In the end, Germany were deserving winners of the group. They destroyed a plucky Australian side and just had enough in the tank to take care of Ghana, while their only loss came in against the Serbs, in a game in which they could easily have earned a result had they gotten the rub of the green.

Many felt it was a big risk taking such a young team to the finals, but Joachim Loew’s faith has been repaid so far. Per Mertesacker has added to his burgeoning reputation in the centre of defence, while Jerome Boateng did enough in his short time on the pitch to suggest he’s a better option than the shaky Holger Badstuber at left back.

Mesut Ozil relieves the tension with the goal that sends Germany through

The real success story has been Mesut Ozil in the centre of midfield though. The Werder Bremen playmaker has turned a lot of heads in this World Cup, earning the ‘man of the match’ award in both wins, and crashing home the winner against Ghana. Partnered by Sami Khedira in the middle of the park, they have provided the ammunition for Miroslav Klose and the off-key Lukas Podolski up front.

Klose will return for potential classic against England in the second round, and Loew now has a decision to make over whether to retain Podolski or Cacau, who impressed up front against Ghana. Whoever plays, they will have space to work thanks to the tireless efforts of yet another youngster, Bayern’s Thomas Muller.

They’ll need to be on their game against the English, but with Boateng and captain Phillip Lahm augmenting the fluid front four, Matthew Upson and the ponderous John Terry will have their hands full.

Advancing to face the USA in the second round are Ghana, but the Black Stars will be thanking their lucky stars that their group rivals managed to conspire to send them through. A fortuitous penalty was the difference between them and the ten man Serbs in the first game, and they struggled to break down Australia in the second match despite being gifted a man advantage and another penalty early on.

They showed their discipline and counter-attacking threat in the final group game, but a tight loss left them vulnerable to a late Serbian equaliser in the other fixture, which would have seen them crash out. Despite all their qualities, they didn’t manage to score from open play and will have to be on their game if they want to take advantage of a favourable draw in the knockout stages.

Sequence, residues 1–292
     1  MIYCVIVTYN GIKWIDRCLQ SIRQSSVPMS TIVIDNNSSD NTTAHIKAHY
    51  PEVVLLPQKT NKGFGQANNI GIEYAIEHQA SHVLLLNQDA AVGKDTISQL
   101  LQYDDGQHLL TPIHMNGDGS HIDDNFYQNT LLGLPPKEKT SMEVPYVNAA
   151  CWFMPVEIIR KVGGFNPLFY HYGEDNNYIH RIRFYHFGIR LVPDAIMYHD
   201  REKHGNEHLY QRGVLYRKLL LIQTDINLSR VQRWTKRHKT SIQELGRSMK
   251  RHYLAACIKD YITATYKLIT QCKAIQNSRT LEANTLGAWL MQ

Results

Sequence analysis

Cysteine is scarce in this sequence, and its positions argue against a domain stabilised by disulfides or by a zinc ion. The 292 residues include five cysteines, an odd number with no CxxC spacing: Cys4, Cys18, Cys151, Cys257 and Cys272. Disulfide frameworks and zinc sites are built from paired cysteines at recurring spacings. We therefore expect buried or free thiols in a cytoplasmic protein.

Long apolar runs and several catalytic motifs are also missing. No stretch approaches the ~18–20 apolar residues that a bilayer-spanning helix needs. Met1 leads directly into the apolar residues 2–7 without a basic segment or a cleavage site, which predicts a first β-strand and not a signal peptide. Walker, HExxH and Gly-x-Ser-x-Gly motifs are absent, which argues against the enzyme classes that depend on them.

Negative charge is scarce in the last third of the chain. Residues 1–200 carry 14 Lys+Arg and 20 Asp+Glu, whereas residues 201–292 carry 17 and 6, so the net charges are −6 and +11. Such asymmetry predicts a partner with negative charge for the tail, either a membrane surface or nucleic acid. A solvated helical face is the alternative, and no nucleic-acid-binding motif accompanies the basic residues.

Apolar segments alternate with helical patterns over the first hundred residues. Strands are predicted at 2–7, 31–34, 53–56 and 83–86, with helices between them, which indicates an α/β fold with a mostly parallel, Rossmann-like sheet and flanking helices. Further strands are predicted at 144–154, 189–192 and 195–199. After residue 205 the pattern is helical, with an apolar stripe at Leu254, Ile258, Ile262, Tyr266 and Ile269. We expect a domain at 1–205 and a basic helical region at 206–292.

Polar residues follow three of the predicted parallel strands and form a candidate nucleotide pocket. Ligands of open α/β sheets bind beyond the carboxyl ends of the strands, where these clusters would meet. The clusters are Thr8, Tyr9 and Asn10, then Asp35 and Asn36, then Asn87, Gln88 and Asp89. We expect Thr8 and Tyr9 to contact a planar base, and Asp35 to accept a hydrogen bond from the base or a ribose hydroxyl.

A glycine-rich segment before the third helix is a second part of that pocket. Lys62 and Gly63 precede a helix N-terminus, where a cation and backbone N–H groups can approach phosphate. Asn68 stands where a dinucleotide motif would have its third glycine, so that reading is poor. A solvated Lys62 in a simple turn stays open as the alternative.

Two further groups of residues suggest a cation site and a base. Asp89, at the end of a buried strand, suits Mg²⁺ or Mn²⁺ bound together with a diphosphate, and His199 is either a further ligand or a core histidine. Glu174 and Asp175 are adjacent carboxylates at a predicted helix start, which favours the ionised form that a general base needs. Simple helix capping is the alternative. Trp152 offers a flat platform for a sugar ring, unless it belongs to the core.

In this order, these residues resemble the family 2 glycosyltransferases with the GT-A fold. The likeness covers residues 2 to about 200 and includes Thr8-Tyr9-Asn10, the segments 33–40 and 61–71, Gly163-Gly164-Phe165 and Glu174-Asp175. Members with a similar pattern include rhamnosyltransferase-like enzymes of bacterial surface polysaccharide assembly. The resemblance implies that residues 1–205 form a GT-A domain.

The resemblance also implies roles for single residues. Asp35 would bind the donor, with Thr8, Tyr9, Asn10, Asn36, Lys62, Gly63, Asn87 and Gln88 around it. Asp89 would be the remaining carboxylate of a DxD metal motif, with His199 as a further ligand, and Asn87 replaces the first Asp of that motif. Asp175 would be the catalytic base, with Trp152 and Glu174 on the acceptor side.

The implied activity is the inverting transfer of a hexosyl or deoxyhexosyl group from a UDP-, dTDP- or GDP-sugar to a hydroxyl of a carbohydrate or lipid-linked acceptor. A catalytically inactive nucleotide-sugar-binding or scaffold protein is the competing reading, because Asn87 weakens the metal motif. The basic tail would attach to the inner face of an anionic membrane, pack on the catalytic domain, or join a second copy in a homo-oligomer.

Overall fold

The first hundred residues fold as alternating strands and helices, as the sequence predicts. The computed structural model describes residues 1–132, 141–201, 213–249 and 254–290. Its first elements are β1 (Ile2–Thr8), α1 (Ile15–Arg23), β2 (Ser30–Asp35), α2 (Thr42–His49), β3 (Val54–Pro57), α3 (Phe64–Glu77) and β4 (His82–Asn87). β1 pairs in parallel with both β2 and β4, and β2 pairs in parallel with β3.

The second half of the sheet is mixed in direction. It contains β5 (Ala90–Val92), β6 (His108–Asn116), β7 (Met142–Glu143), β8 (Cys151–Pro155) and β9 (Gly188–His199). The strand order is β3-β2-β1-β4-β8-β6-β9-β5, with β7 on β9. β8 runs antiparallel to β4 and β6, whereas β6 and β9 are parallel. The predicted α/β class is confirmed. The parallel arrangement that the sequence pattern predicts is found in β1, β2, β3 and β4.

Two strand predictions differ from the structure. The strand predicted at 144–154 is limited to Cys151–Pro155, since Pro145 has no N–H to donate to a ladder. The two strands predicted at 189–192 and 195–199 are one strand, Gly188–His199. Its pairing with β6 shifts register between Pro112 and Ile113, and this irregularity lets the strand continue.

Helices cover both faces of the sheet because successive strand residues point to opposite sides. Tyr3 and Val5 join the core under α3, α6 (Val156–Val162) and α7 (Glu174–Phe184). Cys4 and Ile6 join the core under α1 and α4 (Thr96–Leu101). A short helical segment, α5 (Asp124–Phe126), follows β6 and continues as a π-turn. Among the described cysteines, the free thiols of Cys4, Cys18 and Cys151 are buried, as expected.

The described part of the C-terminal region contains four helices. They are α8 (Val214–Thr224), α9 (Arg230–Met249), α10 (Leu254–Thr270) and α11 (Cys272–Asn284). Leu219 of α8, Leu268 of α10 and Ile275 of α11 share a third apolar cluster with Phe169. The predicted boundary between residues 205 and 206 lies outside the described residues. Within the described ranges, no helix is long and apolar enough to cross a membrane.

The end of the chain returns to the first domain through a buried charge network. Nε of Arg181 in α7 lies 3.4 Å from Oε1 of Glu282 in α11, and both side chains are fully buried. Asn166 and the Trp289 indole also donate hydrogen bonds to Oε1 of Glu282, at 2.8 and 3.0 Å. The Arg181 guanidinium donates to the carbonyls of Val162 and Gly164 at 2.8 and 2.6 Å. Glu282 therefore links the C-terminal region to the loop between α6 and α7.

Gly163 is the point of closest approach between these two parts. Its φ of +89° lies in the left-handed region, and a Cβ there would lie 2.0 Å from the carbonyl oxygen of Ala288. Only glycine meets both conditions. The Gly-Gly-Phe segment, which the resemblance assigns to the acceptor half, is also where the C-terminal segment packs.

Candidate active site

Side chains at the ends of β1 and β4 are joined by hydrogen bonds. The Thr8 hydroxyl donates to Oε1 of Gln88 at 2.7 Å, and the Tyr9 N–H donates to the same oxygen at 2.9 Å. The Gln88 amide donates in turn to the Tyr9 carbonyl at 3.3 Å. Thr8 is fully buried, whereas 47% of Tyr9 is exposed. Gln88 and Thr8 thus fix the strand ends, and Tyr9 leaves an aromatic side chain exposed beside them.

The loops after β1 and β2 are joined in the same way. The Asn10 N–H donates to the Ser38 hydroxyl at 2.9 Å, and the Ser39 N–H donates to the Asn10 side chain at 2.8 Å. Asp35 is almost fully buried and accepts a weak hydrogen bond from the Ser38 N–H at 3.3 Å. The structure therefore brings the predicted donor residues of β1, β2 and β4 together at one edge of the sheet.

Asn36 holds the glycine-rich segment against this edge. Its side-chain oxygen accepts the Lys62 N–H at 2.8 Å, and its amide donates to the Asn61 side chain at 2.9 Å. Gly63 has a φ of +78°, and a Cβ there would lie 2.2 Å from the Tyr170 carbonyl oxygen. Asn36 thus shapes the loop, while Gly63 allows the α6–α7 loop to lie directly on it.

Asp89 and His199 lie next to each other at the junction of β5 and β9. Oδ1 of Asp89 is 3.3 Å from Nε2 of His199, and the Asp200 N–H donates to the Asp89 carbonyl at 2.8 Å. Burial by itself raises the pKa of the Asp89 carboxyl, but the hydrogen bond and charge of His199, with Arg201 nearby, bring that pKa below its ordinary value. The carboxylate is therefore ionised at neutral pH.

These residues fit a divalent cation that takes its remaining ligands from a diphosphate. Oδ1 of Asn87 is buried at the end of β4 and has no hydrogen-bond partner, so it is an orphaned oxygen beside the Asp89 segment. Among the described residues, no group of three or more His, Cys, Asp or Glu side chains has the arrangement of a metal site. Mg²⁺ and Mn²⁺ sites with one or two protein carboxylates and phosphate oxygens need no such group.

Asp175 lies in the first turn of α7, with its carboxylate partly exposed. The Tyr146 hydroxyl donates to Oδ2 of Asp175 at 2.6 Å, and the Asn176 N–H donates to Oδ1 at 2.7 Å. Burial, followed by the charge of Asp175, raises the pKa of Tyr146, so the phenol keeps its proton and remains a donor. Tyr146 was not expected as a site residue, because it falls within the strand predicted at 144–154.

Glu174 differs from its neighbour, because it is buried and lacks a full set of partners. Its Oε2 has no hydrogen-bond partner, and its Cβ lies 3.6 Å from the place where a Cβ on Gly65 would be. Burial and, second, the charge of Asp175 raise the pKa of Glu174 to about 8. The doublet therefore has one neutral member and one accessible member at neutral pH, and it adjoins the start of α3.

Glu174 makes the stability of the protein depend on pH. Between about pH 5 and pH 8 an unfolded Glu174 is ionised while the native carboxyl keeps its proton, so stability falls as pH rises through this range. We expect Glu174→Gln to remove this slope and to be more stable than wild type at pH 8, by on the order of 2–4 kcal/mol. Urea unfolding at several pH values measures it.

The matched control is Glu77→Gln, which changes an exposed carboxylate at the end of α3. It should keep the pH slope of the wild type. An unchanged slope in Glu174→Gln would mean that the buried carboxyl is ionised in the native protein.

Australia stole into third place in the group with their thrilling 2-1 victory over Serbia, and they gave themselves a great chance of an unlikely turnaround after their opening day collapse against the Germans. In the end, it was too much even for the valiant Socceroos, but they can be proud of their efforts. Two red cards really damaged their hopes. Tim Cahill’s harsh dismissal against Germany left them at the mercy of the rampant Germans, and in the end that was what cost them. A win against Ghana was essential, but Harry Kewell’s handball on the line left them struggling again.

After those twin blows, Pim Verbeek’s team really showed what they were made of, and displayed their typical Aussie grit. A fighting point against Ghana left them in with a shout going into the final match, and they absorbed everything an increasingly dispirited Serbia had to throw at them before hitting back with two cracking goals. Had they kept eleven men on the pitch in the first two fixtures, it may well have been a different story.

Serbia meanwhile, can have no real argument against elimination. Twice they gave away ridiculous spot kicks with needless handballs in the box, the first condemning them to defeat against the Africans and the

Asamoah Gyan wheels away after sending Serbia reeling

second luckily going unpunished by Lukas Podolski.

The way the chips fell, a draw against Australia would have been enough to see them advance, but they couldn’t even manage that. Birmingham fans will be scratching their heads at the signing of the lumbering Nikola Zigic, who was one of the Serbs who spurned chance after chance as their hopes slowly faded in an agonising morass of scuffed shots and muffed headers.

With a defence containing Nemanja Vidic and Branislav Ivanovic, a midfield with the creativity of Dejan Stankovic and the penetration of flying wingers Milos Krasic and Milan Jovanovic, they really should have been good enough to advance. Unfortunately for them, they didn’t have the composure to press home their advantage in losses to Ghana and Australia, and were exceedingly fortunate to escape with the win against a 10 man German side.

A sharper cutting edge up front and cooler heads at crucial times would have seen them preparing for an eminently winnable second round tie with the US, but instead it’s back to the drawing board for the temperamental Eastern Europeans.